Catching up on an item from last Thursday’s CBS Evening News, after recounting for the second time the case of Philadelphia abortion Dr. Kermit Gosnell’s horrific practice, anchor Katie Couric introduced a piece devoted to upcoming political fights over abortion. During the report, opponents of abortion were twice labeled as "conservatives," while the word "liberals" was never used to refer to advocates of abortion rights. The report also finally mentioned - briefly - the March for Life pro-life rally from earlier in the week in the nation’s capital.
As the report reiterated the case of Dr. Gosnell, the argument on both sides of the debate was presented as to which side is bolstered by his callous activities. Couric: "Criminal abuse like this is extremely rare, but it's not stopping both sides in the abortion debate from using the case to re-energize supporters."
After correspondent Elaine Quijano made the case on both sides, ideological labels soon came. Correspondent Nancy Cordes: "Republicans are now back in power in the House at least, after a walk in the desert, and they have certain constituencies that they need to satisfy. One of those constituencies is the conservative right wing of the party for whom abortion is a very important issue all the time."
On Wednesday the CBS Evening News gave attention to the story of an abortion doctor in Philadelphia whose practices were so horrific that he is being charged with murder. Anchor Katie Couric set up the piece:
Now, this next story comes with a strong word of caution. The details are gruesome. You won't want young children to watch. A Philadelphia doctor who made millions performing late-term abortions was charged today with murder. The D.A. says the doctor killed seven babies after they were delivered alive.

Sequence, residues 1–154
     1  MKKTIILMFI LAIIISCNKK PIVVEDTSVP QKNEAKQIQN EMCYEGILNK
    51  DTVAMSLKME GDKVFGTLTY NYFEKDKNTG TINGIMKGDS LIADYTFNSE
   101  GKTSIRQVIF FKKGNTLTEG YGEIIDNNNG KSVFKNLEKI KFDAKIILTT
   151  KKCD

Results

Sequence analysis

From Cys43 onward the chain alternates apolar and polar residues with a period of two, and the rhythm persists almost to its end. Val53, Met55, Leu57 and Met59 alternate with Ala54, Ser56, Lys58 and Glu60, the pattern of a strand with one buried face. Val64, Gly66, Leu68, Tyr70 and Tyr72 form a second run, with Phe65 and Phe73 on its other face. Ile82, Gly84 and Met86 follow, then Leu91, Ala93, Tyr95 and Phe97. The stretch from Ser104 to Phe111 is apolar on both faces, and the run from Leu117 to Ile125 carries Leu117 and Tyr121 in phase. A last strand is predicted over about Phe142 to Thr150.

Below is a complete transcript of the report, filed by correspondent Elaine Quijano, from the Wednesday, January 19, CBS Evening News :
Late last week, CNN announced its plan to team up with the Tea Party Express to co-sponsor a Republican presidential debate in September. While this creates the possibility that Republican candidates will actually face questions of interest to Republican primary voters (as opposed to the typical liberal media agenda), it’s also probably the first time a media organization will partner with a group that its on-air correspondents and commentators have trashed over the past two years.
CNN’s liberal commentators have been savage to the Tea Party. Back in 2009, longtime CNN house liberal Paul Begala slammed the Tea Party as “a bunch of wimpy, whiny, weasels who don’t love their country.” A couple of weeks before this year’s election, CNN’s 8pm ET co-host Eliot Spitzer said the Tea Party was “vapid” and leading America “down a dangerous road....They’re going to destroy our country.”
But CNN’s supposedly objective correspondents and anchors have showcased a similar hostility to the Tea Party, attacking them as racist, extremist, pawns of Fox News, or using the vulgar “tea-bagging” nickname favored by left-wing activists to disparage the group. A few of the choicer examples from the MRC’s archive (including video):
On Tuesday evening, ABC and CBS furthered the mainstream media's largely inaccurate reporting on Pope Benedict XVI's recent remarks on the morality of condom use. While the pontiff stated that condoms are "not really the way to deal with the evil of HIV infection," World News anchor Diane Sawyer stated that "the Pope shifts his rules on condom use." Evening News anchor Katie Couric labeled Benedict XVI's comment a "historic statement," and trumpeted how supposedly, "Pope Benedict says, for the first time, that condoms are okay to protect against HIV and other diseases."